With conflicting opinions on the merits and future of chatbots, some believing they’re annoying little pop-ups who only interfere and distract from the purpose of the visit, and others seeing the potential they hold as real-time data gatherers for insight professionals to factor into their analyses, we find ourselves with a few paths to take:
Is where we take the plunge and allow survey chatbots to create more personalised encounters with participants, basing their next questions on their answers. This is going to be a tough ride, as we need to make sure that this data isn’t tampered with, isn’t biased, and isn’t corrupted like Microsoft’s Twitter bot Tay. The most extreme case of chatbot corruption, Microsoft’s Tay, was a Twitter bot that learnt as it chatted with other users, was utterly corrupted by them in less than 24 hours.
Is where we find other ways of trying to personalise chatbot interactions without opening up the algorithm to participant interference. This might be from extensive development in-house, with more datasets to broaden the range of answers the bot find’s appropriate given the parameters of the survey. While we have a semblance of control over survey chatbots at the moment, if we want to allow for more customisation and personalisation in its answers, then we need to be sure that it won’t be corrupted by researcher biases as it learns.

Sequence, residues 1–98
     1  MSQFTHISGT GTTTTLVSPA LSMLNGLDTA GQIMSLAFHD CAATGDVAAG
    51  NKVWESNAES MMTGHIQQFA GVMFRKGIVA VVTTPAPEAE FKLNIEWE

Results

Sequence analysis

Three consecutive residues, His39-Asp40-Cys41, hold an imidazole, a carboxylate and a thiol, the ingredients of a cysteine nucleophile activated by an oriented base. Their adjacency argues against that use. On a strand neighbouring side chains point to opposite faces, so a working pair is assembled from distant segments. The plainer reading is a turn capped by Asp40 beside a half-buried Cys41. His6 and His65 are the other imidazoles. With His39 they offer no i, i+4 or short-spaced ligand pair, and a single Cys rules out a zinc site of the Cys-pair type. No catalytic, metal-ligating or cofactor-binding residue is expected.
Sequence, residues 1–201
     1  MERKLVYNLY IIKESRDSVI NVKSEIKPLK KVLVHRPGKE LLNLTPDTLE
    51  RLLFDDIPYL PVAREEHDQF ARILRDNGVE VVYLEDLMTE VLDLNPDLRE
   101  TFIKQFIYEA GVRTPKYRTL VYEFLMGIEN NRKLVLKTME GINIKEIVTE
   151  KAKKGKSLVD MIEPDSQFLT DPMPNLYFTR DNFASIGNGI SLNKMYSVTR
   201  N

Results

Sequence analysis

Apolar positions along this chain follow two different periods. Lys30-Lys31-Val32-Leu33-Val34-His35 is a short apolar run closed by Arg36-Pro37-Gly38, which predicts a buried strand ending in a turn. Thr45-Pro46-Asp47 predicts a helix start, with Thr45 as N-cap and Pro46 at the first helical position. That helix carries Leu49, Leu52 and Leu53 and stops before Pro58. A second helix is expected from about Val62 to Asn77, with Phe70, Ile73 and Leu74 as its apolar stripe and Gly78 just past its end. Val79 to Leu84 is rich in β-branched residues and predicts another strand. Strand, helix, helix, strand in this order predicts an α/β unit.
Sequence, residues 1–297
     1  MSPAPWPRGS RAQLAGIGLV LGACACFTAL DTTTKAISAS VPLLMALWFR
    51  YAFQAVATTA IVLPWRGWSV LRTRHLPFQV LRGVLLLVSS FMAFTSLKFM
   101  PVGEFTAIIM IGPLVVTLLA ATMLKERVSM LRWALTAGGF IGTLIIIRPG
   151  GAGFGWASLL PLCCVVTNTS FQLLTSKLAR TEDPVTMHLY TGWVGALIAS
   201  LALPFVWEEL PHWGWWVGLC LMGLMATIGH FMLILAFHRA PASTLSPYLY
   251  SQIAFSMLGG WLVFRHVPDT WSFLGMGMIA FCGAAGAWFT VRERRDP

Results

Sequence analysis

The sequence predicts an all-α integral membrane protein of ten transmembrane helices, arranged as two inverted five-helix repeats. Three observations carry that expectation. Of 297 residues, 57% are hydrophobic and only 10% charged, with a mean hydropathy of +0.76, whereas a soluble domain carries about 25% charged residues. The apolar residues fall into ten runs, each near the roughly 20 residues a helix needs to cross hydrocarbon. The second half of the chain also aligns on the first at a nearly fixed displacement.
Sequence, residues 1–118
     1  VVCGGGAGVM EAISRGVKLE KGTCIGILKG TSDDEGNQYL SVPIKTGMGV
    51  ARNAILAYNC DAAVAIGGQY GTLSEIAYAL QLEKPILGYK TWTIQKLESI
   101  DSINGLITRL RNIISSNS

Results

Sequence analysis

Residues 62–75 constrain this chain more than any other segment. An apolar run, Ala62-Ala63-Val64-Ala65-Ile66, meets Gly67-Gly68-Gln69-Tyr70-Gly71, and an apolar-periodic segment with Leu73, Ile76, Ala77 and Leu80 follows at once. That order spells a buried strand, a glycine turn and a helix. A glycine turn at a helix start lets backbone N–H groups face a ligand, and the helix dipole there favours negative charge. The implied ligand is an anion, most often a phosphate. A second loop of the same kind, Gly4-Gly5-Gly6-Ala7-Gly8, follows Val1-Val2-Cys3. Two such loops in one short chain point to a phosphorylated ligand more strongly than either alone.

Is where we find that chatbots have run their course, they’re as useful as they’re ever going to be, and while they’re great tools to use while we have the platforms to support them, there will be other interactive survey tools that come along and replace them soon enough.
I do believe that survey chatbots have yet to reach full maturation, and there is some way to go yet before we can use them to their full potential. But while there is a need for more interactive research and automation processes to take some of the pressure off researchers, survey chatbots will always be a viable tool to use, so time is something that we have to dedicate to developing chatbots into the most useful iterations of themselves for use in market research.
As a graduate of Creative Writing, Emily has a passion for content creation. She brings our global vision to life through her excellent writing and editorial skills across a broad selection of our content, and manages communication through social media channels. You can follow her on Twitter and connect with her on LinkedIn.